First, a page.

Official footwear of O.Z.
When I lived on the Upper West Side and davened at OZ, I would often, on my way to shule, find other single women walking in front of me, clearly going to the same place. And since they were in front of me, I could analyze their outfits with impunity.
This boot epitomizes the Friday night post-davening OZ scene. When I first saw them, I said "oo la la" and fantasized about owning them. (Note: Just because I love to look at beautiful shoes does not mean I spend money on them. Actually, my shoe collection is even weaker and more embarrassing than my CD collection. It's pretty sad.)
But on a deeper, darker, level, they represent everything I loved and hated about UWS life. Because, unlike other girls, I gave thought not only to how fabulous and slightly-vixenish shoes like these would look while standing on 95th street, smiling, and flipping one's carefully-blown-straight hair, but also how they would feel on the walk home. Ouch. And I also gave thought to how impractical and, frankly, JAP-py it is to spend time and money buying tons and tons of shoes in order to conform to some social pressure to have the perfect pair for every outfit. And so, much as I love to look at them, I would never, ever wear these to shule. Maybe to a weekday cocktail party of some kind, if I were getting a ride there and back. And if I could afford them. And if I had storage space for a collection of oo-la-la shoes. But not to shule, not when I lived half a mile away. Ouch!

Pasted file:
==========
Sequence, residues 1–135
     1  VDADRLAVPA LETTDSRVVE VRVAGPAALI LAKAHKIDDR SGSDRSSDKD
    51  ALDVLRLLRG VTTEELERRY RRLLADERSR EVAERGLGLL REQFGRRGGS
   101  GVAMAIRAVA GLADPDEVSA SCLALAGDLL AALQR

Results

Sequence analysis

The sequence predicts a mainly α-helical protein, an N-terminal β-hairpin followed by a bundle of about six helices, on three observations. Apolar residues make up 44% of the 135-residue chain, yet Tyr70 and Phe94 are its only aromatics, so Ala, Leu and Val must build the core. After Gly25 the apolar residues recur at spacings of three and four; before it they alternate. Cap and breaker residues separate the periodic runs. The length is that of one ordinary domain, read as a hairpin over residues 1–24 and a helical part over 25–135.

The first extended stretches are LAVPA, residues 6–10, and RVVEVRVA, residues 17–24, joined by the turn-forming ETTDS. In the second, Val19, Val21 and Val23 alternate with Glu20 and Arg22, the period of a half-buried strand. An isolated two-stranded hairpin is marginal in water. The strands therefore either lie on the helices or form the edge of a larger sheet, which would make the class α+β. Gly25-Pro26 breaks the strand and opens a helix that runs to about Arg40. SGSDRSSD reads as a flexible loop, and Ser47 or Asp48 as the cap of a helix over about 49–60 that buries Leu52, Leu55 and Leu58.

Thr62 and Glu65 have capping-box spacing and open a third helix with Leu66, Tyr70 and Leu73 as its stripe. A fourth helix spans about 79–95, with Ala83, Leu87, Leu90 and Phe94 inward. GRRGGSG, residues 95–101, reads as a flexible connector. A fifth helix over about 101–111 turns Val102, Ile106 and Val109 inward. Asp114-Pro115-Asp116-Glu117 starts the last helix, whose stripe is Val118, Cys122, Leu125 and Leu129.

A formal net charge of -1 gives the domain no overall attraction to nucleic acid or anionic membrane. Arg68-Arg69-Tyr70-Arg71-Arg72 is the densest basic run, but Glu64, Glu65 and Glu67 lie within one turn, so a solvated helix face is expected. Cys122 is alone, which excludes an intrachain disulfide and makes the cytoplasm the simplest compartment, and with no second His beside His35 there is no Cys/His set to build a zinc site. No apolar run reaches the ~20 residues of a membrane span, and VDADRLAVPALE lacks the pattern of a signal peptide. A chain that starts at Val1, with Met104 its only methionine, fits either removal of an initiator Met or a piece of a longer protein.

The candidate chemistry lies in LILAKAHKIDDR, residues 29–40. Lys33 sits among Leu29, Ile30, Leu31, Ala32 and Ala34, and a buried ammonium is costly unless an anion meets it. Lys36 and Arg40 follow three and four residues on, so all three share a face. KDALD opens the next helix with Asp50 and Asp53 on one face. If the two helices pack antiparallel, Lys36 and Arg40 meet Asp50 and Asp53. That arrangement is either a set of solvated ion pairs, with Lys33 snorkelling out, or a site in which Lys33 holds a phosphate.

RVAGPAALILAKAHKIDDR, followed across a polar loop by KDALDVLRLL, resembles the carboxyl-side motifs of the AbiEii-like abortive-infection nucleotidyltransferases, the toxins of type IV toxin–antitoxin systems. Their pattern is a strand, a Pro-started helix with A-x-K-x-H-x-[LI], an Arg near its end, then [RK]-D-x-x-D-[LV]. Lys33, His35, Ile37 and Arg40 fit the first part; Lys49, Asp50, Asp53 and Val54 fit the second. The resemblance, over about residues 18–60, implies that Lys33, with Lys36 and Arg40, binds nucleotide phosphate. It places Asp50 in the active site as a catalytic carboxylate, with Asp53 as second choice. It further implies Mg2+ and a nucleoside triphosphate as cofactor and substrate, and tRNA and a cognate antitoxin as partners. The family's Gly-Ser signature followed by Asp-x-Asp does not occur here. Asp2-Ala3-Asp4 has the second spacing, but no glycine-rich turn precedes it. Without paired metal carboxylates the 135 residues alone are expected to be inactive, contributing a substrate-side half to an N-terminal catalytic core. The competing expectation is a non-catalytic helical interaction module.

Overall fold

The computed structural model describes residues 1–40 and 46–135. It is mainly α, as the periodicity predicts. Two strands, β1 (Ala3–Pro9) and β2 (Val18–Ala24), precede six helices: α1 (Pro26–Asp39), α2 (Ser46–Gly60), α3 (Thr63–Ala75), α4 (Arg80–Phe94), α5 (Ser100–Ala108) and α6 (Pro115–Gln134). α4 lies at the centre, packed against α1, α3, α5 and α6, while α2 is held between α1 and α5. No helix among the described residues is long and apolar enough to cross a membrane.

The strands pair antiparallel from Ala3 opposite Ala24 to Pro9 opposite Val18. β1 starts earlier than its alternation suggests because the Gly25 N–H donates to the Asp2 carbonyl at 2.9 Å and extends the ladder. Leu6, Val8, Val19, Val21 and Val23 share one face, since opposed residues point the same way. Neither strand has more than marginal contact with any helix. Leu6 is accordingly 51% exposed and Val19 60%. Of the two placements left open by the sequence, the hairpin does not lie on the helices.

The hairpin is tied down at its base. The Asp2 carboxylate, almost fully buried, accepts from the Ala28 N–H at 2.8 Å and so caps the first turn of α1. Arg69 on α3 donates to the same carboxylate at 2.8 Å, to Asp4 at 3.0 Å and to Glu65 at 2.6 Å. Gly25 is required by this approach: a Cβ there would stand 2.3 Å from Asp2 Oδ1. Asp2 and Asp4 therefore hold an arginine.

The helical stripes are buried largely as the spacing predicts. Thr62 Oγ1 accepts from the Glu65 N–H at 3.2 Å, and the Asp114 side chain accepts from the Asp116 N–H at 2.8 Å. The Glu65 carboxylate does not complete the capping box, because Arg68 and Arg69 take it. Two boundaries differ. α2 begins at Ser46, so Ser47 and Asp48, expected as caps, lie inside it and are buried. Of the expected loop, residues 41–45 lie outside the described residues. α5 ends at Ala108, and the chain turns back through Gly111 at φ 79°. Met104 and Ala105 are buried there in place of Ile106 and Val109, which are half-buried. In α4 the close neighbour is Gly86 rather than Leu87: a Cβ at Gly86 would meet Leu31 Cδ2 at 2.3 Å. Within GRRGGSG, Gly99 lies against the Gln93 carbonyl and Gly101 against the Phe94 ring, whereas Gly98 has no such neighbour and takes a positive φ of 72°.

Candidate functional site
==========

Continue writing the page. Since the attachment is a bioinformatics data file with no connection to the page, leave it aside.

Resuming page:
These boots represent, simultaneously, all the Manhattan values I loathe . . . and all the things I wish I could be.
It's not easy, being a woman. And I'm not just talking about the high heels.
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